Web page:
Committee investigates feasibility of internal classroom locks
When a gunman killed 32 people at Virginia Tech in 2007, the incident prompted security discussions at colleges across the country and suggestions that classrooms locked from the inside could have averted the tragedy.
At U-M, the All Hazards Planning Group has attempted to prepare the university for a similar public safety emergency, although internal locks on classrooms have not been implemented. What seems on the surface to be a relatively simple precaution is rife with complex technical, operational and financial issues, officials say.
Now, an ad hoc committee of officials from the Office of Facilities and Operations as well as other U-M constituencies is investigating a wide variety of issues involved with determining whether such a step would be feasible.
The committee's task is to compile a list of pros and cons associated with various options that could address the problem, and then pass that information on to administrators who will decide how to proceed, says Diane Brown, public safety spokeswoman.
Given the early stage of the information-collection process, there is no projection for how much it would cost to upgrade locking capabilities for the estimated 600-900 classrooms on campus that could be affected.
"There's a wide variety of use issues before you even get to funding issues," Brown says, adding that it's difficult to forecast the outlook for such a potentially far-reaching project in times of economic challenge.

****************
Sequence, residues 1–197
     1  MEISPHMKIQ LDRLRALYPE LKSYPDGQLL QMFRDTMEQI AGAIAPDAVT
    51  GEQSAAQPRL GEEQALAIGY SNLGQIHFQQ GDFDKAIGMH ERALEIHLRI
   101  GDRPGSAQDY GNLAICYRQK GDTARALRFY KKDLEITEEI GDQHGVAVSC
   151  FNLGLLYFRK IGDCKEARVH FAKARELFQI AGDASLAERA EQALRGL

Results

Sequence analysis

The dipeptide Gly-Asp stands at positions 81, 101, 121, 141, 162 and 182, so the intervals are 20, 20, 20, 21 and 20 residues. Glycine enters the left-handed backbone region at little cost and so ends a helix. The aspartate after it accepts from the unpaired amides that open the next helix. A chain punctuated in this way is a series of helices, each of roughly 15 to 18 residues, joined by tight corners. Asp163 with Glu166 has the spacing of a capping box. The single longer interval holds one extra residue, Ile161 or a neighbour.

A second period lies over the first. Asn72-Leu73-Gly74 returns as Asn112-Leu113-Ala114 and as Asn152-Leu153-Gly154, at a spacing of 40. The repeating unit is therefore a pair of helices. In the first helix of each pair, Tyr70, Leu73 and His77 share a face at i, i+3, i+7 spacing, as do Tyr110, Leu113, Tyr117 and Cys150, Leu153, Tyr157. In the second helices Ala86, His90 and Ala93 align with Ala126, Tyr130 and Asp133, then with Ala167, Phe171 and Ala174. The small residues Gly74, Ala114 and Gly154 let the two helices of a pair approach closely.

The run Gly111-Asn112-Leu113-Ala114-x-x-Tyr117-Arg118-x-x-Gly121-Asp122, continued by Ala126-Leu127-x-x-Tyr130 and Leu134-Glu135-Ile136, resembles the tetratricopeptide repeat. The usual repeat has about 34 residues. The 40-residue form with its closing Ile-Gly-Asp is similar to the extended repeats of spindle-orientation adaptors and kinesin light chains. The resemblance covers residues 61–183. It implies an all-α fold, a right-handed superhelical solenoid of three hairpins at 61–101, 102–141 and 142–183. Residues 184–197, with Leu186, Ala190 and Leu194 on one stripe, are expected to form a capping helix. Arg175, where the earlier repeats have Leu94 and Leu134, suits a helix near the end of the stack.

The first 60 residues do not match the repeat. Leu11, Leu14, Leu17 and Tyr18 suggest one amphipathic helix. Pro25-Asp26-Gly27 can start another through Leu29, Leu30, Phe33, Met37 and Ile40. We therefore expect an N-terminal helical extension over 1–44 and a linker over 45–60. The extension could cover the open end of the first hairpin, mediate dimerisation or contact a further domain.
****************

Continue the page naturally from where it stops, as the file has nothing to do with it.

Likewise, there is no set timeline for the committee to present its conclusions, but Brown said she expects most of the information will be gathered by the end of the summer.
Most classrooms have locks to secure them when not in use, but installing new mechanisms that would allow people to essentially lock themselves in if an emergency called for it adds a new dimension of security, Brown says.
The initial challenge in any discussion of classroom locks is Michigan's fire code, which requires classroom doors to open outward and with a single action so people can exit quickly in case of fire. Therefore, any mechanism that requires a user to first unlock a latch before opening the door is not feasible. Locking mechanisms have been identified that meet the fire code, but each has issues that must be investigated.
For instance, one allows a room to be locked and then later exited with one motion on the door handle, leaving the door unlocked; another would keep the door locked after exiting; while a third would use a "crash-bar" mechanism instead of a handle. Each has positive features and drawbacks, Brown says.
Other issues involve procedures for creating and managing keys for such a locking system, which classrooms should be targeted first, and how adding the additional security will affect general facility operations.
The committee has been gathering input for several months, Brown says. Last week, physics professor Keith Riles, who initiated the proposal last year when he served on the Senate Advisory Committee for University Affairs, returned to SACUA to gather faculty input.
The faculty panel said its preference would be to focus the first stage of such a project on academic auditoriums in order to most efficiently secure large groups of students, then move on to buildings where classrooms are "clustered" with several opening onto a common hallway.
Meanwhile, other committee members are meeting with facility managers and student groups to gather insights from those constituencies, Brown says.
Although many issues remain, Brown says the process currently under way is a "serious review to give informed information as to the challenges that exist on our campus."